En El Tablao Flamenco portrays the era of the early 1940s, a time when America was given permission by General Franco to establish military bases on Spanish territory in order to facilitate access to Europe. As American soldiers were introduced to and influenced by Spanish culture, the flamenco art form became a crucial part of the energized Spanish city-nightlife.
The production opens with a typical bar scene in which a Flamenco soloist gives a grand opening on a typical wooden stage or ‘tablao’. Though impressive and enjoyable, its sheer length prevents the show from starting with the momentum one would expect. However, many other entertainment combinations follow and the guests become more jolly as the night wears on.
The highlight of Act One is the ‘Strangers Meet’ duet between Nkosinathi Figlan and Nicole Nuria Brown. Their movements – reaching towards one another from opposite sides of the stage – place emphasis on the things that cannot be, an emotion supported by the clever use of two separate spotlights.
The second act of En El Tablao Flamenco shows the party guests challenging one another as their alcohol-induced confidence continues to grow. Female dancers compete with one another using quick and fancy castanet rhythms, much to the delight of the audience members both on stage and in the auditorium.
A strikingly beautiful woman (Kim ‘Kiki’ Pretorius) then enters the bar and lights a cigarette, clearly seeking attention. Unimpressed, the barman tries to shoo her out of the door, but is angrily confronted by one of the woman’s admirers, resulting in a duel of conflict. The two soloists, Luvuyo Simandla and Ndumiso ‘Faya’ Tafeni, create an electrifying mood that is contagious to all. The stamping canes reflect the pride of the two men and their unwillingness to give in.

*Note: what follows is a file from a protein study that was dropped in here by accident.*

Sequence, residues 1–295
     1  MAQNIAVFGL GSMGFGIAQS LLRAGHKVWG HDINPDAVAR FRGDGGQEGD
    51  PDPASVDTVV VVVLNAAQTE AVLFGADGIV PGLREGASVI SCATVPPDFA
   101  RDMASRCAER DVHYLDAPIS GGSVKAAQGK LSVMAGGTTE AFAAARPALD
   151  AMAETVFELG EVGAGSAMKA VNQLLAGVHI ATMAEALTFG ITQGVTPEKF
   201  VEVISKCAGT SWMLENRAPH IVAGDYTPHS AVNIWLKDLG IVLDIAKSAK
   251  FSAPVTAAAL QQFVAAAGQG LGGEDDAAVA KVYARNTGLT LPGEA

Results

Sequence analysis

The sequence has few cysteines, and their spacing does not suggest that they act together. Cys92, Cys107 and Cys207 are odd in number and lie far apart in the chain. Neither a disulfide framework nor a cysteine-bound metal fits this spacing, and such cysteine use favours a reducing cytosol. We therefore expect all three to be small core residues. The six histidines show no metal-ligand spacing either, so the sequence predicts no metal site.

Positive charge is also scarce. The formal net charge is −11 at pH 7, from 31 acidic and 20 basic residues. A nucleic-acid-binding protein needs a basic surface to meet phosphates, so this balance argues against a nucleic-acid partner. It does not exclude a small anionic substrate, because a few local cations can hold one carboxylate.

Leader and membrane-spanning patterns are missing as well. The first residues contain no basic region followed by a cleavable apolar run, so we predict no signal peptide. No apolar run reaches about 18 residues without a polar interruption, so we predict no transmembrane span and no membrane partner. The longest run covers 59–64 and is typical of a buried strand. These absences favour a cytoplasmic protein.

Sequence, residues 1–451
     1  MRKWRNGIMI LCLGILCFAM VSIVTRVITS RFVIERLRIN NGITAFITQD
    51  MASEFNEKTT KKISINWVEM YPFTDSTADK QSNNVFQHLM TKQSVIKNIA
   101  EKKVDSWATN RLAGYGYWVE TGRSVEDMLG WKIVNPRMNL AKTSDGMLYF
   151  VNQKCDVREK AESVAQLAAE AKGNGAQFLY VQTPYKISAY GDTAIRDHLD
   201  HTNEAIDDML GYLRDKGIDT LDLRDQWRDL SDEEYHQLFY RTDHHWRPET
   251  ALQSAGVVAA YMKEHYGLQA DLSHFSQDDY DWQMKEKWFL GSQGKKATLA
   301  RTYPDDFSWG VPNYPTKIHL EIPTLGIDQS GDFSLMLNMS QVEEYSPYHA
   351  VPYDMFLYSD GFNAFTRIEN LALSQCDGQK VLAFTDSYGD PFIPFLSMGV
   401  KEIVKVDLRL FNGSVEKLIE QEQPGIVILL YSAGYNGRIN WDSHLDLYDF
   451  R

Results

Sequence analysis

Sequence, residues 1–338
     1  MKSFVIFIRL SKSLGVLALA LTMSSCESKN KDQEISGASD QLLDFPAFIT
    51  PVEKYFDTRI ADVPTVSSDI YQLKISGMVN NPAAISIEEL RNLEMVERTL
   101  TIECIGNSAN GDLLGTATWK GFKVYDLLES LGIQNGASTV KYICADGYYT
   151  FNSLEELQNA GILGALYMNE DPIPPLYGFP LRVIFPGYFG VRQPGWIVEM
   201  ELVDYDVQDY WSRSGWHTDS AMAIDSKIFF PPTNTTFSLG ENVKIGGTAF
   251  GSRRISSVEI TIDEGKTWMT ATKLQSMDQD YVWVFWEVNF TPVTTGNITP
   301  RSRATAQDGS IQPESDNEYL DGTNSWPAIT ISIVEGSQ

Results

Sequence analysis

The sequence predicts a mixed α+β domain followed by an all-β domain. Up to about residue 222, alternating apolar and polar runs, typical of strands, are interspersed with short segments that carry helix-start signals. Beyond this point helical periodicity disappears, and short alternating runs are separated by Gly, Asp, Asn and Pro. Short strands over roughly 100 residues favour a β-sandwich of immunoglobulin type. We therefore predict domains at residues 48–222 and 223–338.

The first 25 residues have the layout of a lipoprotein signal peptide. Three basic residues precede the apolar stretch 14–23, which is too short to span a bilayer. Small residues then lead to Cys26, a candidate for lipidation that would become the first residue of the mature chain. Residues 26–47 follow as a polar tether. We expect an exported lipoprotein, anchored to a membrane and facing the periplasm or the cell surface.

Pretorius is seen again in a solo performance: ‘La Farola – in the Light of a Streetlamp’. This moving scene portrays the war within herself, as she longs for her lover. One is reminded of the anger, pain, frustration, confusion and loneliness which war brings.
The entire company joins in for ‘Fin de Fiesta (Tanguillos)’. As a final scene, this could hardly be a better climax, with great precision called for – a daunting challenge for a big group as a simple misstep of the fast footwork can easily disrupt the rhythm. The result, when done as well as this, is breathtaking. Added to this, the La Rosa dancers are renowned for the delight they take in performance and En El Tablao Flamenco is no exception. The dancers’ pure enjoyment, though true their individual characterization – gives an added glow that transfers readily to the hearts and minds of the audience.
By way of denouement we are given a solo performance, as the joyous and tipsy guests leave for the night. Having had to clean up after his rowdy guests, the exhausted barman is the last one out. He ends En El Tablao Flamenco with a simple flick of the light switch, plunging the stage into darkness, the darkness of things unknown and yet to be…
En El Tablao Flamenco runs 14 to 23 February at the Artscape. Details here.